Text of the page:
His fifteen-year tenure as Music Director of the San Francisco Symphony has been broadly covered by the international press with feature stories in Time, Newsweek, The Wall Street Journal, The New York Times, Los Angeles Times, The Times of London and The Frankfurter Allgemeine Zeitung among many others. With the San Francisco Symphony he has presented eight summer festivals including ones devoted to the music of Mahler, Stravinsky, Wagner and American Mavericks. With the San Francisco Symphony he has made numerous tours of Europe, United States and the Far East.
Mr. Tilson Thomas is a Chevalier dans l'ordre des Arts et des Lettres of France, was Musical America's Musician of the Year and Conductor of the Year, Gramophone Magazine's Artist of the Year and has been profiled on CBS's 60 Minutes and ABC's Nightline. He has won ten Grammy Awards for his recordings. In 2008 he received the Peabody Award for his radio series for SFS Media, The MTT Files. In 2010, President Obama awarded him with the National Medal of Arts, the highest award given to artists by the United States Government.
Grace An is a second-year Cello Fellow with the New World Symphony. Since the beginning of her musical journey at the age of six, orchestral, chamber music and solo performances have taken Ms. An to several of the world’s most renowned venues, including Carnegie Hall, Lincoln Center, the Sydney Opera House and Tokyo’s Suntory Hall. Festival appearances include the Castleton Festival, Pacific Music Festival, Spoleto Festival USA, Banff Centre and the Nice Festival Academy.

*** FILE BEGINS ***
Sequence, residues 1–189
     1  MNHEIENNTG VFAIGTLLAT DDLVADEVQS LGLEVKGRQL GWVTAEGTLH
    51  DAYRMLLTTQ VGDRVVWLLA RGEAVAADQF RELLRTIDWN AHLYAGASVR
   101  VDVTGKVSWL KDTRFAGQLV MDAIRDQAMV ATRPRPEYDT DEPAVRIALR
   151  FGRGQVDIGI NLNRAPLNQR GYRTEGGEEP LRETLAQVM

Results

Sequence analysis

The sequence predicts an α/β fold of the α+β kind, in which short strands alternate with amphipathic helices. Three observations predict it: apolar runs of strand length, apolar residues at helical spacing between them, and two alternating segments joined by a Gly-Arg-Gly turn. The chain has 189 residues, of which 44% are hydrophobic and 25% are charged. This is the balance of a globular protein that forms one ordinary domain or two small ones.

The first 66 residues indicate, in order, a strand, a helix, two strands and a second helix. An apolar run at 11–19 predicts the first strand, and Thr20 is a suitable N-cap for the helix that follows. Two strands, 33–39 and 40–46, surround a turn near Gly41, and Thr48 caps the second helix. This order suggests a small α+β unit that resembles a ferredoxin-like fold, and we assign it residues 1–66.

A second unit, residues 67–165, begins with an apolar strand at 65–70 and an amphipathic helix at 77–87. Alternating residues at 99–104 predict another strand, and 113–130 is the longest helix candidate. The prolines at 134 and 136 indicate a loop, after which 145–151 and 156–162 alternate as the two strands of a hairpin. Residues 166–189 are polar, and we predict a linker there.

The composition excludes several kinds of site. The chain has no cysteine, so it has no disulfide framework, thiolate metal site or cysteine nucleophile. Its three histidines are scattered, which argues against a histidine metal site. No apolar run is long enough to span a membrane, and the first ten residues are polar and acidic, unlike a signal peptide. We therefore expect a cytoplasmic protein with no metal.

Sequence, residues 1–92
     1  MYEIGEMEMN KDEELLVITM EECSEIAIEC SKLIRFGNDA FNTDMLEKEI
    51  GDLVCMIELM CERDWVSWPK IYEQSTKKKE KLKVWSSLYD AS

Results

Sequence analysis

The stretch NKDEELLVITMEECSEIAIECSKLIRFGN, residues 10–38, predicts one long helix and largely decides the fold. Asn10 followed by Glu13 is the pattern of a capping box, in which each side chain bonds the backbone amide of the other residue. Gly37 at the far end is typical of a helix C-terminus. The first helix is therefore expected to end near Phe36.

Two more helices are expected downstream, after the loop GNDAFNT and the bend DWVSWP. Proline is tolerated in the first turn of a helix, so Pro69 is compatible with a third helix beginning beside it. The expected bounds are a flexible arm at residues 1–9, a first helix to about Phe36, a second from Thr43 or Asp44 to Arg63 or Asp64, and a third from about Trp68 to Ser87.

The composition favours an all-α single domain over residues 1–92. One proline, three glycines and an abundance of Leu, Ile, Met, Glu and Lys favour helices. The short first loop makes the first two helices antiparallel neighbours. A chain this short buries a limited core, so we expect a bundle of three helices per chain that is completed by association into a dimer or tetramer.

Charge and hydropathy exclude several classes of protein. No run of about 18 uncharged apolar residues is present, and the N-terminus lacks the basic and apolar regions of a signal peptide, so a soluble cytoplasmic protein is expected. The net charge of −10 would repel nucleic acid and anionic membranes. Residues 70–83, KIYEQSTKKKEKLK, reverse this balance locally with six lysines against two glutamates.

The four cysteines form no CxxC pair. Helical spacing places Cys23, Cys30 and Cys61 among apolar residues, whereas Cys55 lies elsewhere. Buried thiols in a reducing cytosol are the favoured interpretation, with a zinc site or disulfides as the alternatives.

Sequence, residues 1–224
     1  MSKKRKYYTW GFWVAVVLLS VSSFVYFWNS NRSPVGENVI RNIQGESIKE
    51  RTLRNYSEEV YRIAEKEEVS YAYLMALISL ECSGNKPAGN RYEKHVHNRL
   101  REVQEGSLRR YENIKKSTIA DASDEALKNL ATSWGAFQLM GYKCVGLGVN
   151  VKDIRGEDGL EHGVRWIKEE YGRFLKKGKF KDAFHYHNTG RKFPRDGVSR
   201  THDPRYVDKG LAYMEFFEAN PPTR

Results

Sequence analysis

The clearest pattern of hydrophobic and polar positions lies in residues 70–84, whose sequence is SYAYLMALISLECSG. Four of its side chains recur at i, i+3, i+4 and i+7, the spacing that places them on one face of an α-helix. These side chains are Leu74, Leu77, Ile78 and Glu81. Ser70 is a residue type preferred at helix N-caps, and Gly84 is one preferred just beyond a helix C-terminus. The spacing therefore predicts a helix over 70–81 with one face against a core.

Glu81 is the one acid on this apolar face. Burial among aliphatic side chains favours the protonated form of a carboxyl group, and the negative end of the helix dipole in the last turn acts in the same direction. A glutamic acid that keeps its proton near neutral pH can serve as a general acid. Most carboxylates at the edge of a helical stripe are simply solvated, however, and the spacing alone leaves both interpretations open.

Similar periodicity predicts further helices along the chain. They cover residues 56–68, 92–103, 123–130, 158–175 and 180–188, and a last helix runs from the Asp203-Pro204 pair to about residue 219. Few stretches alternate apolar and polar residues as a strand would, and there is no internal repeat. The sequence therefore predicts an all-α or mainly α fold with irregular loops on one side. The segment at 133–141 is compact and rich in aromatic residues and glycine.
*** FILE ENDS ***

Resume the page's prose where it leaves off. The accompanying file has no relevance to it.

In addition to her orchestral studies, Ms. An has fostered a passion for community engagement and arts education, receiving teaching artist training at the Manhattan School of Music along with teaching experience at several schools in New York City. She is actively involved in the New World Symphony’s community education and audience outreach programs. Ms. An began her musical training at the Colburn School of Performing Arts in Los Angeles and completed degrees at the Eastman School of Music, Manhattan School of Music and Stanford University. She performs on a rare French cello by Nicolas Darche dated 1841.
Anthony Parce is a Viola Fellow with the New World Symphony. A native of Seattle, WA, he received degrees from the Shepherd School of Music at Rice University and the New England Conservatory. Mr. Parce also attended festivals including Tanglewood, Schleswig-Holstein, Artosphere and Britten-Piers and has appeared with the Music Academy of the West and the National Orchestral Institute.
With the New World Symphony, Mr. Parce has taken an active role in the Musicians’ Forum program, worked extensively with the Saludarte exchange in Medellín, Colombia and helped develop the Virtual Library initiative. Additionally, he is eagerly anticipating two Inside the Music projects—one that is a Holocaust memorial project and another that is a discussion of the early music of Arnold Shoenberg.